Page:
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Editorial: No need to toughen L.A. restrictions on protesters

Black Lives Matter Los Angeles organizer Tekoah Flory protests outside the L.A. mayor's home on Nov. 30, 2020.
Black Lives Matter Los Angeles organizer Tekoah Flory protests outside of Los Angeles Mayor Eric Garcetti’s home on Nov. 30, 2020.
(Christina House / Los Angeles Times)

There’s no acceptable reason for the L.A. City Council to triple the size of the current no-protest zone around an official’s home so that the closest anyone could come, in order to carry a sign, articulate opposition to a policy or otherwise express themselves, is about the length of a football field.

That’s what the council is demanding — a 100-yard buffer, which as a practical matter means no one would be able to protest in front of a house or even across the street or down the block. The closest anyone could come would be hundreds of feet away, meaning around the corner or on the next block over. So in effect it would be a ban on any expression that officials could see or hear from inside their homes or on their front stoops.

Council members don’t like to hear from constituents at home, and who can blame them? People want to be able to leave their work at the office. But working in public service, especially as an elected officeholder with power to make and enforce laws that affect people’s lives, necessarily involves trade-offs. That can include sometimes taking work home with them, and that could mean hearing people exercise their constitutionally protected right to speak and to express their grievances.

Councilmember Nithya Raman, to her credit, voted “no,” arguing at Tuesday’s council meeting in favor of enforcing the existing ordinance.

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The current city ordinance already imposes a 100-foot (as opposed to a 100-yard) buffer, so it already protects a substantial perimeter around a house. Protesters can knock on the door during normal daylight hours, but they otherwise can’t come onto private property uninvited. They can’t vandalize the official’s car, they can’t block sidewalks or streets without a permit, they can’t demonstrate in predawn or late-night hours, and they can’t threaten injury to the official (or their children or anyone else). All those things are infractions, misdemeanors or, in the case of particularly serious threats, felonies.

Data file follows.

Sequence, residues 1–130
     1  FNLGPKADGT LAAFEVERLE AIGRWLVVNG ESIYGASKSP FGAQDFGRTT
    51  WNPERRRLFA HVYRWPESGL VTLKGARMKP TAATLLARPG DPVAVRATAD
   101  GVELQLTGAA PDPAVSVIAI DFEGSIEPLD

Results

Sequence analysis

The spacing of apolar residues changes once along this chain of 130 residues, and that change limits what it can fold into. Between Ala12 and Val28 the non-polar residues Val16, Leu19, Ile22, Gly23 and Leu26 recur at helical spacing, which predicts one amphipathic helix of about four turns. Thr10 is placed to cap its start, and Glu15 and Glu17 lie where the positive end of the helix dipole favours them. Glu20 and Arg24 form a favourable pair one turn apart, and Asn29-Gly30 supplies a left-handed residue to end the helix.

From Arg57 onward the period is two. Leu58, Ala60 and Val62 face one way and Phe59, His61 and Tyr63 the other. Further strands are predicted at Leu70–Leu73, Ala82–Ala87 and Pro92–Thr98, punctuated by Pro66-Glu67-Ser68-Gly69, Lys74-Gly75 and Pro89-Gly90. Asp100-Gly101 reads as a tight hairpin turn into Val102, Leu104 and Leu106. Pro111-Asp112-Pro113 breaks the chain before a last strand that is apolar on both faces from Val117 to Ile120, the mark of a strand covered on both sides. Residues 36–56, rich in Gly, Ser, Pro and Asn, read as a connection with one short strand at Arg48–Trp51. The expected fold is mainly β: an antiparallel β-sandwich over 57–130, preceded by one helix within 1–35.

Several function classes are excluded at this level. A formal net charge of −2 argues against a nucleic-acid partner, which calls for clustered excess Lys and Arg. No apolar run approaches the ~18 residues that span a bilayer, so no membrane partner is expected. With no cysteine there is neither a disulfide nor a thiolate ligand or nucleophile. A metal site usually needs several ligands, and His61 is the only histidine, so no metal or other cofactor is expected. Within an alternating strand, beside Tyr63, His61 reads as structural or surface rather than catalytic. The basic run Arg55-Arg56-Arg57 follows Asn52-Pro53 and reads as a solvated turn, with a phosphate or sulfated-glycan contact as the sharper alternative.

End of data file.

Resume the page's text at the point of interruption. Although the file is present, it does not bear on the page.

Council members argue, correctly, that protesters nevertheless do all of those things, and in the last year and a half they’ve been doing them more often. Unruly gatherings outside the homes of elected and sometimes unelected public officials were once rare but have become almost standard operating procedure since the pandemic forced public meetings to move to Zoom, Microsoft Teams or some other form of video- or audioconferencing. Lacking a public forum, demonstrators have appeared outside officials’ homes.

Targets have included the homes of L.A. County Public Health Director Barbara Ferrer, because of the county’s orders of closing businesses to protect health and safety; council members because of their budgeting and other decisions; and the sheriff and the police chief to express opposition to a variety of law enforcement actions. As The Times noted in its story Tuesday, renters’ rights advocates last year targeted the home of a city lawyer for writing a legal opinion opposing a blanket ban on evictions. Also last year, protesters gathered before dawn at the home of then-L.A. County Dist. Atty. Jackie Lacey, banging on makeshift drums and demanding an audience with her. When some protesters rang her doorbell, her husband appeared with a gun. He was charged with assault, and agreed to enter a diversion program that includes anger management and gun safety classes.

As is sometimes the case, the protesters weren’t just trying to protest, they were trying to force a crisis, and they crossed the line separating lawful from unlawful activity.

So if current laws protecting people, property and neighborhoods are not enforced, what is the point in changing the law? It’s as if people were driving 50 miles per hour in a 10-mph zone, but instead of issuing them warnings or tickets, the city changed the speed limit to 5 mph — and still ignored violators.

L.A.’s current law, banning targeted protests within 100 feet of a home, does a good job of balancing individual safety, property rights and the public right to protest. Tripling that buffer to 300 feet — 100 yards — undermines that balance.

Council members don’t have to like the protesters, their message or their tactics. They just need to understand, respect and enforce the laws they already have at their disposal.


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